For years, George Washington University has told families that it observed a need-blind admission policy. Students were accepted regardless of their ability to pay.
GW’s student newspaper wrote an excellent article this week that revealed that the university’s stated need-blind admission policy was actually a need-aware practice. The university admitted that it put hundreds of students on its wait list every year because they wouldn’t be able to pay GW’s tuition. The school estimated that up to 10 percent of the school’s roughly 22,000 applicants fall into this category.
In GW’s case, the school looked at applications without regard to need in the first round. Before the freshmen class was finalized, however, the school took a closer look at the applicants who had received initial approval.
Need-Aware Admission Policies
I am bringing this up today because GW’s admission policy is similar to countless schools that mainly depend on their tuition revenue to pay the bills. These schools need a healthy percentage of students who can pay the full tab or a good portion of it (minus one of those ubiquitous merit scholarships), which helps subsidize the costs of middle-class and low-income student who require a lot of financial aid.
Many schools will admit the majority of their students without regard to need, but the last 10%, 20% or 25% will be determined by their ability to pay. I like to call this affirmative action for the rich. I’d argue that affirmative action for the wealthy is far more prevalent than affirmative action for minorities.
Another Need-Aware Example
Reed College, an elite liberal arts college in Portland, OR, provides what is probably the most well-publicized example of a need-aware policy. Back when the country was in the grips of the recession in 2009, the school faced a returning student body that needed more aid and the freshmen class was also needier.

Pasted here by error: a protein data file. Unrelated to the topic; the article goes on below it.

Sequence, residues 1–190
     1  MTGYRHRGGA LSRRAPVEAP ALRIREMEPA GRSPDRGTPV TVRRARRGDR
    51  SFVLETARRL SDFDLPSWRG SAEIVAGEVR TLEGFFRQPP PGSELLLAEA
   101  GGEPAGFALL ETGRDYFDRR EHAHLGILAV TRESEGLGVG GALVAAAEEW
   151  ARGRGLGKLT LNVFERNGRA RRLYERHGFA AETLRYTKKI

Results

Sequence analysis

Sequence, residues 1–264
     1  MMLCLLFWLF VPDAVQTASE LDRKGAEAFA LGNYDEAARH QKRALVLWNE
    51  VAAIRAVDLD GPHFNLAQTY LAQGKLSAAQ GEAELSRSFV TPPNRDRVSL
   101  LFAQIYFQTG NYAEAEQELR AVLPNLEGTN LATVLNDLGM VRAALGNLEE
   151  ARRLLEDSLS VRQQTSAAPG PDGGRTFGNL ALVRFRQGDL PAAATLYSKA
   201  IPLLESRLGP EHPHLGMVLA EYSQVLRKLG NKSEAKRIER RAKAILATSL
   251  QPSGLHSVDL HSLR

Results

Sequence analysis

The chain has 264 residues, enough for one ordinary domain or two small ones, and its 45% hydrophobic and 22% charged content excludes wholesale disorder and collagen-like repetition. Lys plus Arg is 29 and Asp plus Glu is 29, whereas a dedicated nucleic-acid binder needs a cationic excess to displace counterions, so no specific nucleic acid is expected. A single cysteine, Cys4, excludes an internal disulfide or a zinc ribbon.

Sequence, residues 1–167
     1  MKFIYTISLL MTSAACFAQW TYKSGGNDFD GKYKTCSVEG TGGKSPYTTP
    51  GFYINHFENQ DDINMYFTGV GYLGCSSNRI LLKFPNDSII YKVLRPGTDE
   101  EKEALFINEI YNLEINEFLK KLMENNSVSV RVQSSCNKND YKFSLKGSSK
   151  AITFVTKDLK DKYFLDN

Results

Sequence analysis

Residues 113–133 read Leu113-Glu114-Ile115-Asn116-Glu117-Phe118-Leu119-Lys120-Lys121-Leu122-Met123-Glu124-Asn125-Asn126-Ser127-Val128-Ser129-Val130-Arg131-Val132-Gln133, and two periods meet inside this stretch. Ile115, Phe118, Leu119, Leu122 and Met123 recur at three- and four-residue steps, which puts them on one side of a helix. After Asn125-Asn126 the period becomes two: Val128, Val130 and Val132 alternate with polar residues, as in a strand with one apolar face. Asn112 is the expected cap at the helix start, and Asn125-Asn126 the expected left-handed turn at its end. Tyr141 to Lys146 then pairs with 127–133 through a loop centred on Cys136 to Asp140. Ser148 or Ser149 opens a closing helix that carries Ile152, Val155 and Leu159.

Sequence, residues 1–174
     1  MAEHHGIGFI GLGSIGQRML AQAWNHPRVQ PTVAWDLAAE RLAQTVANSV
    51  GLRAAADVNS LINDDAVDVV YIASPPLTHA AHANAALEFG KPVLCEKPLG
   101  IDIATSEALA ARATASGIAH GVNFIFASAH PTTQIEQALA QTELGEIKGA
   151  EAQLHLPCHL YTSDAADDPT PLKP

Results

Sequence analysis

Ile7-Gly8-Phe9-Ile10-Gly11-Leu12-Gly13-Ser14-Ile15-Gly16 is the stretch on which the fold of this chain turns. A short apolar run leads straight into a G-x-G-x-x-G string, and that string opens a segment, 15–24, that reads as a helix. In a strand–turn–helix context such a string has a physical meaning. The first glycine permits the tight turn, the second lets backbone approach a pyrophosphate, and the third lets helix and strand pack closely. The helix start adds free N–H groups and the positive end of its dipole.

Reed’s financial aid office looked at the list of accepted freshmen (acceptances letters had not been sent out yet) and told the admission department to kick more than 100 students off the list that needed aid and substitute them with affluent students who could pay the full price.
Due to budget realities, schools across country give breaks to wealthy students admission breaks, but in this case a New York Times reporter was in the room and wrote this front-page story about Reed’s decision that generated a firestorm of anger.
Protecting Yourself Against a Need-Aware Practice
The best way for a teenager to protect him/herself from being a casualty of a need-aware system is to be as attractive an applicant as possible. It’s often student with high need who are in the bottom half of the applicant pool who are going to get denied, waitlisted or accepted via a practice called admit-deny. Here is how admit-day works: a school will accept applicants with high need, but give them such lousy financial aid packages that they can’t attend the school.
Also remember it’s meaningless if a school says it’s need blind (it accepts students without any regard to need) in admissions, but provides mediocre financial aid to students who need substantial help with the tab. To it’s credit, Reed is one of just five or six dozen schools that meets 100% of all its students’ financial need, but GW and nearly all other colleges and universities don’t.
How Truthful are Schools?
GW is on a roll because this is the second time in less than a year that it’s been embarrassed by its own disclosures.
Last fall U.S. News & World Report punished GWU, which had been ranked the 51st best national university, after the school admitted that it had been fudging the percentage of freshmen who were in the top 10% of their respective high school class. In essence, the school was looking more selective than it really was and the false reporting had been happening for more than a decade.
And that leads me to the other reason why I shared GW’s story today. As consumer, you have to be careful about what a school says. You can’t assume that what you are hearing from an admission office, which serves as a school’s institutional cheerleaders, will always be truthful.
To back up what I’m saying, I am sharing two statistics from the most recent Gallup survey of senior admission officers that was sponsored by Inside Higher Ed, a respected trade publication that I read every day.
The survey asked schools whether they have ever falsified standardized test scores or other admissions data. Only 1% of schools admitted they had.
But here is the more interesting question: Do you think other higher education institutions have falsely reported standardized test scores or other admission data?
Ninety three percent of admission administrators answered yes.